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Training Tip: Safeguards that didn'tTraining Tip: Safeguards that didn't

A student pilot observes something strange while walking across the airport ramp: A line attendant is fueling a Skyhawk from the fixed-base operator’s jet fuel truck.

Pilots must remain observant to ensure proper refueling of their aircraft, even with safeguards such as labeling and differing nozzle sizes for fuel types. Photo by Mike Fizer.

Is this the beginning of an engine-failure-after-takeoff scenario, caused by misfueling?

 Possibly. Or the airplane receiving fuel could be a new diesel-powered model, or an older model for which a supplemental type certificate authorizes retrofit with a jet-fuel-burning engine.

As powerplant options for new-production aircraft, and retrofits of the older fleet, expand, line personnel and pilots must refocus their efforts to ensure that aircraft receive the correct fuel.

A quick glance at an aircraft may not be enough to tell the fuel staff which truck to dispense from—and the pilot may not always be present for fueling, although the pilot should.

Labels located near the fuel filler ports are one safeguard against what could be a very consequential fueling error.

Another safeguard is an attentive, knowledgeable line staffer.

Hardware plays a role. The industry-enforced incompatibility of fuel hoses for one kind of fuel with the fuel filler ports of another—jet fuel nozzles are oversized for avgas fuel tanks—provides another safeguard.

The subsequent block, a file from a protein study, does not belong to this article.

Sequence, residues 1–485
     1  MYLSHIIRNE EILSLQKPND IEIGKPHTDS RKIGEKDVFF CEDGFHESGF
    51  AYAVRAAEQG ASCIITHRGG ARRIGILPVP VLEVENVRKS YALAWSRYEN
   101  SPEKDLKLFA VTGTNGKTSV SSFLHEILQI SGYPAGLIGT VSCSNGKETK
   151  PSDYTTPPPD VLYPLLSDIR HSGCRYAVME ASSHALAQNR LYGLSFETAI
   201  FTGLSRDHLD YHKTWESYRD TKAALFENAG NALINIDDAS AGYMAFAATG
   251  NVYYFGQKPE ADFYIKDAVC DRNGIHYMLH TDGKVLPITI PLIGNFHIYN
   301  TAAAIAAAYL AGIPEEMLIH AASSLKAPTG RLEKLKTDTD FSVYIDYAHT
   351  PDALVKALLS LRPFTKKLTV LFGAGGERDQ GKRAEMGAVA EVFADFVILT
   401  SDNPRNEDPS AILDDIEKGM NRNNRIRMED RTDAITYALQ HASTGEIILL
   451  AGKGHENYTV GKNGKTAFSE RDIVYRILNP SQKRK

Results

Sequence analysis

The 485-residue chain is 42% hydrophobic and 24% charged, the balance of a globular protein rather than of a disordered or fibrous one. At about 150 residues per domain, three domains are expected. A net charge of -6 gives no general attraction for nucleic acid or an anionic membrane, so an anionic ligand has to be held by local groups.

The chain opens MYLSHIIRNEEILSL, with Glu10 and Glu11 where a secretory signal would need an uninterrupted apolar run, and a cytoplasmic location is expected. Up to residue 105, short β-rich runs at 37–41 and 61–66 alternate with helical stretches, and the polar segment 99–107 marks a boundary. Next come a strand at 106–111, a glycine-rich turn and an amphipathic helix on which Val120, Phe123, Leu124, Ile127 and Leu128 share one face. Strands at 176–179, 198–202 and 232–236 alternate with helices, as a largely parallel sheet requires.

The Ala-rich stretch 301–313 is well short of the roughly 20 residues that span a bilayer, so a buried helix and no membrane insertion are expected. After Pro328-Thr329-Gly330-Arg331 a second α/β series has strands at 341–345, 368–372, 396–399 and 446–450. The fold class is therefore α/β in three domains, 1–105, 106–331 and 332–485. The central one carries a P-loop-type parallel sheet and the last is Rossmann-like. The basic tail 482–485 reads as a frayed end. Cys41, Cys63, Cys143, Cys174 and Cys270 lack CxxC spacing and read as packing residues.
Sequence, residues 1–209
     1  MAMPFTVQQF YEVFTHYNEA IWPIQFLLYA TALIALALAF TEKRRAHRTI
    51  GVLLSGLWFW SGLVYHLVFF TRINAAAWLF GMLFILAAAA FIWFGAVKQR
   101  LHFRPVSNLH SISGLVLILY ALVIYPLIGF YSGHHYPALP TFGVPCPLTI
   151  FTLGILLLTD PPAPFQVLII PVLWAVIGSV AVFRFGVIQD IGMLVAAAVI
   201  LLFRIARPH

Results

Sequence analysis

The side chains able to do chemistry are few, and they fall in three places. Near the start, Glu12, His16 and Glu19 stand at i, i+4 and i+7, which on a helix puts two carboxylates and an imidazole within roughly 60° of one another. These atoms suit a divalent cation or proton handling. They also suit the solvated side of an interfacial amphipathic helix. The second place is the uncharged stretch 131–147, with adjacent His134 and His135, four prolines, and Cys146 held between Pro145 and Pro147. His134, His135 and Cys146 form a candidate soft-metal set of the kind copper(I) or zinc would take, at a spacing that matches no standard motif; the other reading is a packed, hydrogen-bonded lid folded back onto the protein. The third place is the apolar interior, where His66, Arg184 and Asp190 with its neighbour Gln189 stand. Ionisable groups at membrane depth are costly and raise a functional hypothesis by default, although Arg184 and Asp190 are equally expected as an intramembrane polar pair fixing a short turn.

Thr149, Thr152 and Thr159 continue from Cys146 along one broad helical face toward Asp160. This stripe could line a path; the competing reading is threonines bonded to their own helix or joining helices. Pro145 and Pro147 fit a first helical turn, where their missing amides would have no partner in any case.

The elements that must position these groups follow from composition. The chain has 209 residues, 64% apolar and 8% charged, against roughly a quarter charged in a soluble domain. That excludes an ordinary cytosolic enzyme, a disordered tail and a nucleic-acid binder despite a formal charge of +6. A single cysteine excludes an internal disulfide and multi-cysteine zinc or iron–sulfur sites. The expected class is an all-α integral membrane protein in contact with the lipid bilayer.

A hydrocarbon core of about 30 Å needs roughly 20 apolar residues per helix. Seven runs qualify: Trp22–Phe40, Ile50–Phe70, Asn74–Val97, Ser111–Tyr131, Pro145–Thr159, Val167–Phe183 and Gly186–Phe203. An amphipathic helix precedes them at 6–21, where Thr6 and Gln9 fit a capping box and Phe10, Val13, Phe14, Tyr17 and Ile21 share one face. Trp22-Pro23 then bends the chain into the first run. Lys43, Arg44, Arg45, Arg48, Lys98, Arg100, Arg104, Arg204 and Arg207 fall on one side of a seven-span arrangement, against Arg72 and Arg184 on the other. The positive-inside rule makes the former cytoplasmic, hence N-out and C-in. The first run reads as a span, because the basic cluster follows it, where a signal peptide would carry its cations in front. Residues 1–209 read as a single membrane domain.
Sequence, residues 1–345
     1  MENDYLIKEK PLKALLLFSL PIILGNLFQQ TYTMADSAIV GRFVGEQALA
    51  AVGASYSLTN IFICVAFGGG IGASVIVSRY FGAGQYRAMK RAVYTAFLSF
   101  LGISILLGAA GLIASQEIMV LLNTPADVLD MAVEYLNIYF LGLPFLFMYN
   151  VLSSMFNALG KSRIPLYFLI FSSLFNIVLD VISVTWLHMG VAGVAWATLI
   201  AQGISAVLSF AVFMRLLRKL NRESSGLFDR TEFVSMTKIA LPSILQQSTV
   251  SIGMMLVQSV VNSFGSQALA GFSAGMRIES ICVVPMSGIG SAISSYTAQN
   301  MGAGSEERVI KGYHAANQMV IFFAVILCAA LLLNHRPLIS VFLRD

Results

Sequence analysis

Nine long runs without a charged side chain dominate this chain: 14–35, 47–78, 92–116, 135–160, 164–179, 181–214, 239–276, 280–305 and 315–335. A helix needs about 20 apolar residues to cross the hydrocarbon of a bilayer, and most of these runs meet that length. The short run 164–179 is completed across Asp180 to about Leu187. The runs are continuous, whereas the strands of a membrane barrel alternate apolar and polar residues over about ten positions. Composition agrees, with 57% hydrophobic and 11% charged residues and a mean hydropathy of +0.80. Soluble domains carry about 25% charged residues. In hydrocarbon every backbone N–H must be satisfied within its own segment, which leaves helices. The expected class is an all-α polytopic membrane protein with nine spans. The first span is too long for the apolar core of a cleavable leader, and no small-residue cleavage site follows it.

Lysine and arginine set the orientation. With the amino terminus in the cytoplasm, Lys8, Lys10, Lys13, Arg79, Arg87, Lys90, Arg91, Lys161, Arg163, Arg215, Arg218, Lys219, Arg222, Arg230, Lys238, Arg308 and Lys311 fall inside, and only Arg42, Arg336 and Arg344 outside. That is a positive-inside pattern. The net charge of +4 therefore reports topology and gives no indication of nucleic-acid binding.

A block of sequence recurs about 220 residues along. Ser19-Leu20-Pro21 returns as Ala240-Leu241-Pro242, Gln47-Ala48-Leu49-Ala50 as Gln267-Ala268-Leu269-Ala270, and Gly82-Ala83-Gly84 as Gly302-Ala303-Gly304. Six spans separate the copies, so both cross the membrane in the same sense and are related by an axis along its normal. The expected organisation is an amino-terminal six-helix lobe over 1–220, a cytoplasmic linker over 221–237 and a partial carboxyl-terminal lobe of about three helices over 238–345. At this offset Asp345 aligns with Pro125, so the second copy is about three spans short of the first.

Still, there have been cases in which safeguards failed.

When a piston-powered twin-engine Cessna 421 flying as an air ambulance was mistakenly fueled with jet fuel instead of 100 octane low-lead avgas in August 2014, customary precautions didn’t prevent a calamitous accident.

According to the National Transportation Safety Board’s accident report, the pilot “was present during the refueling and helped the line service technician replace both fuel caps.”

Also, there were “avgas only” labels located near the fuel filler ports.

Another safeguard wasn’t overlooked; it was missing: “In accordance with voluntary industry standards, the FBO's jet fuel truck should have been equipped with an oversized fuel nozzle; instead, it was equipped with a smaller diameter nozzle, which allowed the nozzle to be inserted into the smaller fuel filler ports on airplanes that used aviation gasoline. The FBO's use of a small nozzle allowed it to be inserted in the accident airplane's filler port and for jet fuel to be inadvertently added to the airplane.”

The NTSB said the line technician and the pilot failed in their “joint responsibility” to ensure proper refueling.

Promise yourself to never forget the best safeguard: Pilot vigilance—that is, your vigilance.

Does your fuel awareness safeguard your flying? Comment on this topic at AOPAHangar.com.

Dan Namowitz

Dan Namowitz

Associate Editor Web
Associate Editor Web Dan Namowitz has been writing for AOPA in a variety of capacities since 1991. He has been a flight instructor since 1990 and is a 30-year AOPA member.
Topics: Fuel Awareness, Power and Fuel, Accident
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